SAN ANTONIO – KSAT Producer Priscilla Carraman successfully avoided getting COVID-19 for a year, but then the February storm hit and her family was forced to seek shelter with family members.
Just days later, she received bad news from one of those family members — they had tested positive for COVID-19.
“Sure enough, within the next three days, my husband, myself and my two-month-old all tested positive,” Carraman said. Her biggest concern was her infant.
“I felt nervous because I wasn’t sure what was going to happen with my small child. It’s different when I had it or my husband had it — we can handle it,” she said. “But with the baby, there’s so many unknown things about how it’s going to affect them. And yeah, we were really scared.”
She says prior to the baby testing positive, her daughter was irritable.
“The day she tested positive, she was really congested,” she explains. But the baby never got a fever and the family was better after a few days. Carraman’s 11-year-old daughter never tested positive for the virus.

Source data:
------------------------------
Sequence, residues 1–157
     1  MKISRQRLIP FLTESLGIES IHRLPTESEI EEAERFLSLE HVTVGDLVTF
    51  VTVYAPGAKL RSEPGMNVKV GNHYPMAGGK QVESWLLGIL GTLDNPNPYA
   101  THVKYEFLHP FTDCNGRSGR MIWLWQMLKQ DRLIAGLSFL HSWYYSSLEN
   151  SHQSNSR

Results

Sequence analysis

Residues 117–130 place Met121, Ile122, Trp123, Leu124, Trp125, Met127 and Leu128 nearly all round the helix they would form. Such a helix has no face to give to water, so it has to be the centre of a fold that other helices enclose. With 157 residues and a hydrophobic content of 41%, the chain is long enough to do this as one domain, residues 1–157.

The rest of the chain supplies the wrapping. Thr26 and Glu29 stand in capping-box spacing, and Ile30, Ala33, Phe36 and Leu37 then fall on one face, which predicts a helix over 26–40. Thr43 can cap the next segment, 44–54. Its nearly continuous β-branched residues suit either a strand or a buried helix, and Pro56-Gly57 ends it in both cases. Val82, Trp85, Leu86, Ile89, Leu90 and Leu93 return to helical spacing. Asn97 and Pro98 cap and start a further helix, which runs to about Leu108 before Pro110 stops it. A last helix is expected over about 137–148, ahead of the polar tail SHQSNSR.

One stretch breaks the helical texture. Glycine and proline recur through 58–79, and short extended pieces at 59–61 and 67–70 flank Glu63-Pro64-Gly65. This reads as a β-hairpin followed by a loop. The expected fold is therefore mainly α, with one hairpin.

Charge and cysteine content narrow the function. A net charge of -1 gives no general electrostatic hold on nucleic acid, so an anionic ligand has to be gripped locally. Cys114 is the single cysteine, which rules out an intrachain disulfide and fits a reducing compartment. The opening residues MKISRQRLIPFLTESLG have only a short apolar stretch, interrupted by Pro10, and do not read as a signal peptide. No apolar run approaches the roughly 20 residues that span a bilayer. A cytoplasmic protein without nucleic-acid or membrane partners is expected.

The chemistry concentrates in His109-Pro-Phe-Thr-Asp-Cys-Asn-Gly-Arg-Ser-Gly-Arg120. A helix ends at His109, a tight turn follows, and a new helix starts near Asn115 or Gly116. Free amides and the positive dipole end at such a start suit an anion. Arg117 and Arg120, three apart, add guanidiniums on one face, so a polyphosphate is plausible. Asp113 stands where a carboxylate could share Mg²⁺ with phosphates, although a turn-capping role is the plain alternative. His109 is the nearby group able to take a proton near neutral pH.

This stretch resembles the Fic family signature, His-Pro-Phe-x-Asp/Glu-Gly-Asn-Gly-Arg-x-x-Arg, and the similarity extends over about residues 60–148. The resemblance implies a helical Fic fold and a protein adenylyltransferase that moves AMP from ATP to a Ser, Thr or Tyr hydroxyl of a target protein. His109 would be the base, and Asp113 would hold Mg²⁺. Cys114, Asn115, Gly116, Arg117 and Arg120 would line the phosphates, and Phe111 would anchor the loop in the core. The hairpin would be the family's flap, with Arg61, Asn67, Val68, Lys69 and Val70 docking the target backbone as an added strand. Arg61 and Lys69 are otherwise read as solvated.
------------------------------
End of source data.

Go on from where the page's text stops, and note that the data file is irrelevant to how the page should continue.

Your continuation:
Although they were around her, they quarantined separately but remained in the same house and she never got it.
Pediatrician Seth Kaplan, president of the Texas Pediatric Society, said there’s still a lot unknown about why COVID-19 impacts children differently.
“The good news is that of those who do get sick, most children still have very, very mild illness courses,” said Kaplan.
The rate of kids who got sick and were hospitalized and those who died from COVID-19 is very low, according to the American Academy of Pediatrics.
A study by the University of Mississippi Medical Center released this month showed that COVID-19 was more prevalent in children than thought. Scientists looked for antibodies in blood collected.
Kaplan said that could be a really good indication about where we are in getting ahold of this pandemic.
“Maybe we’re that much closer to getting to herd immunity,” he said. “And that means that the rate of those very serious complications, such as MISC-C were even lower than we thought they were because they occur against the background of a much higher number of cases.”
Kaplan said vaccine studies on kids over the age of 12 are wrapping up and that could mean there would be a vaccine around the time the new school year starts. Trials for those ages 5 to 12-years-old is getting started and a vaccine for them could be available by early next year.
Metro Health reports that about 20% of those who contracted the virus since they started tracking last year are under the age of 18-years-old.